Polychaete assemblages associated with the invasive green alga Avrainvillea amadelpha and surrounding bare sediment patches in Hawaii

Wagner F. Magalhães and Julie H. Bailey-Brock

Memoirs of Museum Victoria Vol 71 p. 161–168 (2014)

DOI
http://doi.org/10.24199/j.mmv.2014.71.13

Abstract

Avrainvillea amadelpha is one of the most widespread invasive green algae on Hawaii’s reefs, but virtually nothing is known about its associated fauna. A total of 16 sampling stations were selected: ten stations were distributed in areas where the invasive alga occurred abundantly (‘A’ stations) and six stations were placed on bare sand patches (‘S’ stations). Three replicates of ~475 cm³ each were collected in March 2010 at each station, by hand, using a nalgene corer (11 cm in diameter by 5 cm deep). Based on the comparison between Avrainvillea amadelpha-dominated bottoms and the surrounding bare sediment patches, our study demonstrates that these habitats support a diverse and abundant polychaete assemblage, with 2621 individuals and 84 species collected. The species Sphaerosyllis densopapillata (34.14%), Phyllochaetopterus verrilli (8.32%), Protocirrineris mascaratus (5.9%), Exogone longicornis (4.9%) and Syllis cornuta (4.47%) are the dominant taxa. The non-metric multidimensional scaling clearly separated the ‘A’ stations from the ‘S’ stations. ANOSIM has shown that stations within the a priori-defined group ‘A’ are significantly dissimilar from the stations in the group ‘S’ (R = 0.527; P = 0.1%). SIMPER analysis has confirmed the slight but greater dissimilarity between algae and sediment stations (average dissimilarity = 60.12) than within either algae (52.27) or sediment stations (52.04). The invasive green alga A. amadelpha facilitates the development of above-ground polychaete communities, but the negative effects of this invader on the infaunal communities should be further investigated.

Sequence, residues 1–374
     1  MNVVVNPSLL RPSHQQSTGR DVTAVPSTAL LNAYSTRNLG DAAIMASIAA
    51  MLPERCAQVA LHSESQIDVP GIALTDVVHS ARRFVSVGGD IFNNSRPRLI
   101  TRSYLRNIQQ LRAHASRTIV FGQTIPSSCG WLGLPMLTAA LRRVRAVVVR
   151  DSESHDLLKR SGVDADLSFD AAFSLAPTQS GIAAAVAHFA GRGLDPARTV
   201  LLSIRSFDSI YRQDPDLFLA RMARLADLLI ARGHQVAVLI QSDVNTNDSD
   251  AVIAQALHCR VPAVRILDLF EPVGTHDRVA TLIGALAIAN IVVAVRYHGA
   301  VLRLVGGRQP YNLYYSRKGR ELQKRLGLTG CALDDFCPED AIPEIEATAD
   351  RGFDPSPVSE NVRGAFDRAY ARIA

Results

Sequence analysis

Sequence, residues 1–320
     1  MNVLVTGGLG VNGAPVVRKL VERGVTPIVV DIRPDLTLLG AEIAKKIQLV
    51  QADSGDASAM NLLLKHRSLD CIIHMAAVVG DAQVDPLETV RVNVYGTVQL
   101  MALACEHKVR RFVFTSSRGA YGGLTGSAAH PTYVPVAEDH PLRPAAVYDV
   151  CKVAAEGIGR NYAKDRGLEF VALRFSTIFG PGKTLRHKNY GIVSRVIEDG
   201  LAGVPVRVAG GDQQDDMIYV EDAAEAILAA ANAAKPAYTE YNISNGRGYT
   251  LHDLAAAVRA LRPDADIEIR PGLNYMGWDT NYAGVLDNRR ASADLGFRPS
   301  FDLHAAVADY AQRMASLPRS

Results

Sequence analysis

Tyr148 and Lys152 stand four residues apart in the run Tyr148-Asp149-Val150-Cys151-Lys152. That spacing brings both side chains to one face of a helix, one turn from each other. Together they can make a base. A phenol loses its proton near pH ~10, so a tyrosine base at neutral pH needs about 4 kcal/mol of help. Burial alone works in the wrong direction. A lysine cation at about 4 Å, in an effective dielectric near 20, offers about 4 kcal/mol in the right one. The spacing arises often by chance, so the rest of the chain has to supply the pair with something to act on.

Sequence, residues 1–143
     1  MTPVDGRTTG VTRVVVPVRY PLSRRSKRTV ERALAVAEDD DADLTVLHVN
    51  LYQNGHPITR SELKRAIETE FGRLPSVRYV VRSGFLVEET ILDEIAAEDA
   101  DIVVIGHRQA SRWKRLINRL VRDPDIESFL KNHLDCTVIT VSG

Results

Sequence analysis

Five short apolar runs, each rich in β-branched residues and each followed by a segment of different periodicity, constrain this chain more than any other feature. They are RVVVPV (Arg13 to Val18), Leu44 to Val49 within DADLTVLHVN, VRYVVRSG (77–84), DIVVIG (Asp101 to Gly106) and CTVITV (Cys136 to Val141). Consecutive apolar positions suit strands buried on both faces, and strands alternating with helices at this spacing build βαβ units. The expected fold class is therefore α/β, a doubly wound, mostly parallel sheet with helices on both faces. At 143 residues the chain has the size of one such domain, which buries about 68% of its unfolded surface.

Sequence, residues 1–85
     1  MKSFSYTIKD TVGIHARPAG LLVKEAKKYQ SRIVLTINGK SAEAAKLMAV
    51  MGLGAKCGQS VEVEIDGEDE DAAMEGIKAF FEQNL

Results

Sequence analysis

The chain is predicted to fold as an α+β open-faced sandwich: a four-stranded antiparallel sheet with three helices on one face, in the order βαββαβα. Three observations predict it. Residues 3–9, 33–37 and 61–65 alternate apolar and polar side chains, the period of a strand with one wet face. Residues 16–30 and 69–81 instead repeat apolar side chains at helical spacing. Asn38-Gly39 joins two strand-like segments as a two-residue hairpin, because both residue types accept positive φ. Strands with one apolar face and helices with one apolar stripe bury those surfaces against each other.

Citation

Magalhães, W.F. & Bailey-Brock, J.H., 2014. Polychaete assemblages associated with the invasive green alga Avrainvillea amadelpha and surrounding bare sediment patches in Hawaii. Memoirs of Museum Victoria 71: 161-168. http://doi.org/10.24199/j.mmv.2014.71.13

PUBLICATION DATE: 18 December 2014

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